Cooper’s coupe a keeper
1934 coupe is prize of McPherson man’s collection.
11/03/2012 12:00 AM
11/03/2012 6:03 AM
For as long as he can remember, Gary Cooper has been a classic street rod kind of guy.
"I’ve played with these old cars since I was old enough to care about them," he says.
But at the urging of friends, he finally relented and bought a more modern car.
"I got a ’55 Chevy last March and I drove it to Oklahoma City and back,” Cooper said. “It was too roomy and it rides like my wife’s Buick. I like hot rods.”
It wasn’t long before it was gone and Cooper was back to more traditional street rods from the ’30s and ’40s.
"I think that orange one out there makes No. 23," he said, indicating the 1928 Ford Tudor parked outside his welding shop, where many of his cars were built.
"I try to buy cars that are semi-finished, that need to be gone through."
That was the case with the one car he says he will never sell, under any circumstances. It is a beautiful 1934 Ford 5-window coupe, originally built by a professional California rod and custom shop for a major music industry executive.
"I’ve got the original build sheet on it," Cooper said, noting the project ran well into the 6-figure price range before it was done. The coupe was sold at a west-coast auction and ended up in Salina.
The 1934 Ford has always been Cooper’s favorite.
"I have had five of them so far, all coupes,” he said. “I built two myself and sold them and I immediately hated myself for it.”
So when the Salina owner of the Emerald Green ’34 coupe needed to sell it quickly so he could buy a Corvette he had long coveted, Cooper didn’t waste any time and was able to pick the car up for about a fourth of its original build price.
"I sold a ’31 coupe to buy this one," he said. "It’s all a matter of being in the right place at the right time."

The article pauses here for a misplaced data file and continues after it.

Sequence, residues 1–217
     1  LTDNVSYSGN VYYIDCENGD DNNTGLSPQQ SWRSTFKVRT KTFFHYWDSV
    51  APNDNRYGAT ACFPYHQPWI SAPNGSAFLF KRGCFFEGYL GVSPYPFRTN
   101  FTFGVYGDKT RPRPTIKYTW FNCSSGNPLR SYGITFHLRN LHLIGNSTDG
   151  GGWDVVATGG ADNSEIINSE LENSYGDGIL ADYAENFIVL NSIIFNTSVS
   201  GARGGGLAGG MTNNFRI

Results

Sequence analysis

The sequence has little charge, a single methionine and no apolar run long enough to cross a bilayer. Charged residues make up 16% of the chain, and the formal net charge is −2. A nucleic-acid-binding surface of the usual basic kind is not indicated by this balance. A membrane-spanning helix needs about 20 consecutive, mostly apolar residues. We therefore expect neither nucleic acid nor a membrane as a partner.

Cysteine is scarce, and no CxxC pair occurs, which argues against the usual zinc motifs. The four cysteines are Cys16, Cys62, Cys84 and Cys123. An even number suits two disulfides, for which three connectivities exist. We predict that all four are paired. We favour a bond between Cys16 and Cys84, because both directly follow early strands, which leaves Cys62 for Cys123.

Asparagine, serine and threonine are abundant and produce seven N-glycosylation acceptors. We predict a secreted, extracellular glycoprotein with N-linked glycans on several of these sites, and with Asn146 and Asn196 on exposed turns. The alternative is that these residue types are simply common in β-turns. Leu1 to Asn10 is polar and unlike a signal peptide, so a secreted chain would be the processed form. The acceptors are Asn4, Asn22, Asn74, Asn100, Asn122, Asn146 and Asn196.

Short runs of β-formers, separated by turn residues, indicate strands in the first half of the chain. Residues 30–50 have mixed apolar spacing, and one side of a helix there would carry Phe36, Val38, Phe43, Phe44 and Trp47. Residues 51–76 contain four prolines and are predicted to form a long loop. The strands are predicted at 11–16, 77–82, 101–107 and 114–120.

But although the coupe was already a high-end piece of work, Cooper immediately set to work on making it his own.
"There were so many things I wanted to change on it," he said.
The wire spoke wheels, for example, didn’t fit his vision of a true street rod, so he pulled them off and sold them. In their place went a set of American Torq Thrust II 5-spoke wheels outfitted with 205/70R/15 BF Goodrich blackwalls in front and 255/70R/15s in back.
"Wheels can make a car or kill a car," Cooper noted.
The Chevy 350 Turbo-Hydramatic transmission was likewise pulled out and replaced with a 700R4 automatic overdrive to facilitate easier highway driving.
"I redid some of the wiring, like where it goes into the headlight buckets … a bunch of little detail work,” Cooper said. “I figured a car this nice deserved to have everything right on it.”
His coupe is an all-steel original body, unchopped, with full steel fenders and a rumble seat, which is mostly used to haul luggage and car show equipment. The original 1934 Ford frame was boxed, with new cross members installed to accommodate the 350 Chevy V-8.
The engine now displaces 406 cubic inches and produces a dyno-proved 410 horsepower, thanks to a Comp Cams camshaft, a big Holley 4-barrel carb, MSD ignition and Sanderson exhaust headers. The automatic overdrive transmission routes power back to a Corvette rear end mounted to a 4-bar suspension setup.
The chromed Super Bell axle up front features a 5-inch drop and it, too, is suspended by a 4-link setup. Big Wilwood disc brakes are mounted at all four corners. A Vega steering box is connected to an ididit tilt steering column, which mates up with a leather-wrapped LeCarra steering wheel inside the cozy driver’s compartment. The shifter is column-mounted, freeing up floor space.
Upholstery consists of a light gray tweed material with vertical pleats covering the Glide bench/bucket seat and interior door panels, as well as the headliner. Custom gauges are fitted to the original dash panel, along with the vents and controls of the Vintage Air air conditioning/heat system.
The green coupe emits an authoritative rumble when it’s fired up, thanks to a set of 2 1/2-inch pipes fitted to polished stainless steel Magnaflow mufflers.
Cooper grew up working in a gas station and bought and rebuilt his first car before he was old enough to have a license.
"I’ve never lost money dealing in old cars," he said. "My hobby, buying cars in different states, fixing them up and reselling them, supports me.”
Although his wife, Marilyn, is sometimes surprised to see one of her favorite street rods driving off with someone else at the wheel, she doesn’t need to worry about the green ’34 Ford coupe.
"That one is not going to go down the road. We’re keeping that one," Cooper said.
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